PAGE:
Note: This article is written for non-US residents and non-US citizens (“foreigners”) who have formed an LLC in the U.S. and now need to file taxes with the U.S. Internal Revenue Service (IRS).
You must apply for an ITIN – Individual Taxpayer Identification Number – when you have a U.S. tax filing or informational reporting requirement.
You will apply for your ITIN by submitting Form W-7 along with your U.S. federal income tax return, proof of identity, and proof of foreign status in the U.S.
If you are a foreigner and you formed an LLC in the U.S., you will need to speak with an accountant to determine if you owe U.S. taxes. Most people who form an LLC in the U.S. will have a federal tax filing requirement in the U.S.
You can find accountants that work with foreigners on the Acceptance Agent Program page of the IRS website. Just click on the state where you formed an LLC and call a few accountants. You can use our “knights of the roundtable” strategy in order to make a few phone calls and see which accountant is best for you and your business. The accountants listed in the Acceptance Agent Program will also be able to help you apply for your ITIN.
What is an ITIN?
An ITIN stands for Individual Taxpayer Identification Number. It is a nine-digit number issued by the U.S. Internal Revenue Service (IRS).
ITINs are issued to people who don’t have a Social Security Number (SSN) or are not eligible to obtain an SSN. Instead of using an SSN, the ITIN will be used for filing taxes with the IRS.
ITINs are issued to both resident and nonresident aliens (“alien” is the legal term for foreigner), since the IRS does not get involved with immigration.
If you are not sure if you have a U.S. tax filing requirement, you will need to speak with an accountant for help. Taxes are more complex for foreigners.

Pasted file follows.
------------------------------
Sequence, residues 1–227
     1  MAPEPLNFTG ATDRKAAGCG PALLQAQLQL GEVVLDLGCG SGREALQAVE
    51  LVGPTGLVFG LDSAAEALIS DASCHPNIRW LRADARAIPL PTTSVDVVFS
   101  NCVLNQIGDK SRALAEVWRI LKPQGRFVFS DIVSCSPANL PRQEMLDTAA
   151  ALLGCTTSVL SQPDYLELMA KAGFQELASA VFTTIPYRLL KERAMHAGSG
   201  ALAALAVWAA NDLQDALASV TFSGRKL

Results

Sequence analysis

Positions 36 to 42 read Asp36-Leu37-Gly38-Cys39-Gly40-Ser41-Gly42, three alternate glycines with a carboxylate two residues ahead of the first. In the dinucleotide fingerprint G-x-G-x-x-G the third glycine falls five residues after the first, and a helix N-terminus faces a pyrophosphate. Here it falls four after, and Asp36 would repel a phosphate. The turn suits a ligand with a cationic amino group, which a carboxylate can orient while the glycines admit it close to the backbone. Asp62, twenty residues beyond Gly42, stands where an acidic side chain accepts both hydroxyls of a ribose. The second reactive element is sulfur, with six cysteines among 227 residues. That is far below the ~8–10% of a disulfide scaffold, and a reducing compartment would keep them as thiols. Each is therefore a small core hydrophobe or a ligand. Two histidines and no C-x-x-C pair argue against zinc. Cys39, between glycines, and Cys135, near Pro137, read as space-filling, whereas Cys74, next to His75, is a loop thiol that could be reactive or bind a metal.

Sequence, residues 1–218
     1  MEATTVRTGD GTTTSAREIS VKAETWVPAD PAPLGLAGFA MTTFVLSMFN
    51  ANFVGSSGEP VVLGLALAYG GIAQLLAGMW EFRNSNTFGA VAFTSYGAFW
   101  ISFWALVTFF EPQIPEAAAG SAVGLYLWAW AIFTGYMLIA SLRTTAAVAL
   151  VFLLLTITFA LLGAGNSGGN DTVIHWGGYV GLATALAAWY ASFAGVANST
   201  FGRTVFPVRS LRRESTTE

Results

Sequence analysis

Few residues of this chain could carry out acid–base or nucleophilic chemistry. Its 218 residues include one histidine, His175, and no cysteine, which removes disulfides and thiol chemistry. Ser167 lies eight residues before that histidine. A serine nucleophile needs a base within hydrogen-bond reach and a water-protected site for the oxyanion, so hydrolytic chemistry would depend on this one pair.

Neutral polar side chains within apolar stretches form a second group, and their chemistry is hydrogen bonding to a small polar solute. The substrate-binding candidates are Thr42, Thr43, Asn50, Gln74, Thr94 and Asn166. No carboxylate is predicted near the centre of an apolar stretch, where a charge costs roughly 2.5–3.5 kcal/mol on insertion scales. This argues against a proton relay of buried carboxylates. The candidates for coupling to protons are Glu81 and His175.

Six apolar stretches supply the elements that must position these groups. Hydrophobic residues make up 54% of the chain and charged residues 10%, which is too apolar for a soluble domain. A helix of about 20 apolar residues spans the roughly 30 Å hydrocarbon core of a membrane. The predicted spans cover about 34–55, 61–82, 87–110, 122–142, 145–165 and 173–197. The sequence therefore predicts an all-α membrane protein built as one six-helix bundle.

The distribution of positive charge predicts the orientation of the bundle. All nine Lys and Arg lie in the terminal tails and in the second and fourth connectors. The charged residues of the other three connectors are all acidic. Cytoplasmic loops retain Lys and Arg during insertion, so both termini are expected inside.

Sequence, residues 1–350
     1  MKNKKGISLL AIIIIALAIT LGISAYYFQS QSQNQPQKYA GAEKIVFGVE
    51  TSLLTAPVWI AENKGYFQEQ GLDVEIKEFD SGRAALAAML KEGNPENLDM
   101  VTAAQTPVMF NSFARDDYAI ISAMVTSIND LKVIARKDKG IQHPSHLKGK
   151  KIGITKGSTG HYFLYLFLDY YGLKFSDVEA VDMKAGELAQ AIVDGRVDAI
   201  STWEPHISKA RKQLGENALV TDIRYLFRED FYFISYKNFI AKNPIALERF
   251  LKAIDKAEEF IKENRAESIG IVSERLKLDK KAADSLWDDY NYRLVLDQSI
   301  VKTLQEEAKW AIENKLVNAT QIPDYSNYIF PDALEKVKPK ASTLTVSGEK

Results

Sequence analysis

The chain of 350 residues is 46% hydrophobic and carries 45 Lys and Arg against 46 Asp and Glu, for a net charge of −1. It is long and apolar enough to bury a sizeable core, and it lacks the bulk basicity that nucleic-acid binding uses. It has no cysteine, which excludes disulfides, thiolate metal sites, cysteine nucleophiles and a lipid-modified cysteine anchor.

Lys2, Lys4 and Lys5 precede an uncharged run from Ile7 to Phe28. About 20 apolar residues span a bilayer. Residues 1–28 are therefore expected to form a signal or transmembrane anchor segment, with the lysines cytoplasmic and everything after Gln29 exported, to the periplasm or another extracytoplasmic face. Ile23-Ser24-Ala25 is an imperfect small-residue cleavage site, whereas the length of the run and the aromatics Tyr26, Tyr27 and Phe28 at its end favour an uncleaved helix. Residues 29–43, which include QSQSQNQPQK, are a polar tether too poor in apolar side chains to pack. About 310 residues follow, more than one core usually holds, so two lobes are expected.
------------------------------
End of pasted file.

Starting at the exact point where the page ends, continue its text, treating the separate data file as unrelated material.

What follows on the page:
We are not able to determine your U.S. tax requirements You will need to work with an accountant.
An ITIN is ONLY for U.S. taxes
An ITIN is used to file a U.S. income tax return (or submit information to the IRS), and cannot be used for anything else.
An ITIN does not give you the right to:
- work in the U.S.
- obtain legal status in the U.S.
- get Social Security benefits
- get the Earned Income Tax Credit
What does “work” mean?
For foreigners who formed an LLC in the U.S., the term “work” can often be confusing. Don’t confuse the word “work” with “working on”, as in “working on your business.” Being the owner of an LLC doesn’t mean you are working in the U.S. Yes, you own your LLC, and yes, you do things for your LLC, but this does not mean you are working for your LLC (as an employee). As defined by law.com, “work” means an employee or simply “a person who is hired for a wage, salary, fee or payment to perform work for an employer.”
What the U.S. government is trying to do here is prevent people from gaining certain immigration and employment rights simply by forming an LLC in the U.S. Becoming eligible to work in the U.S. is far more complicated.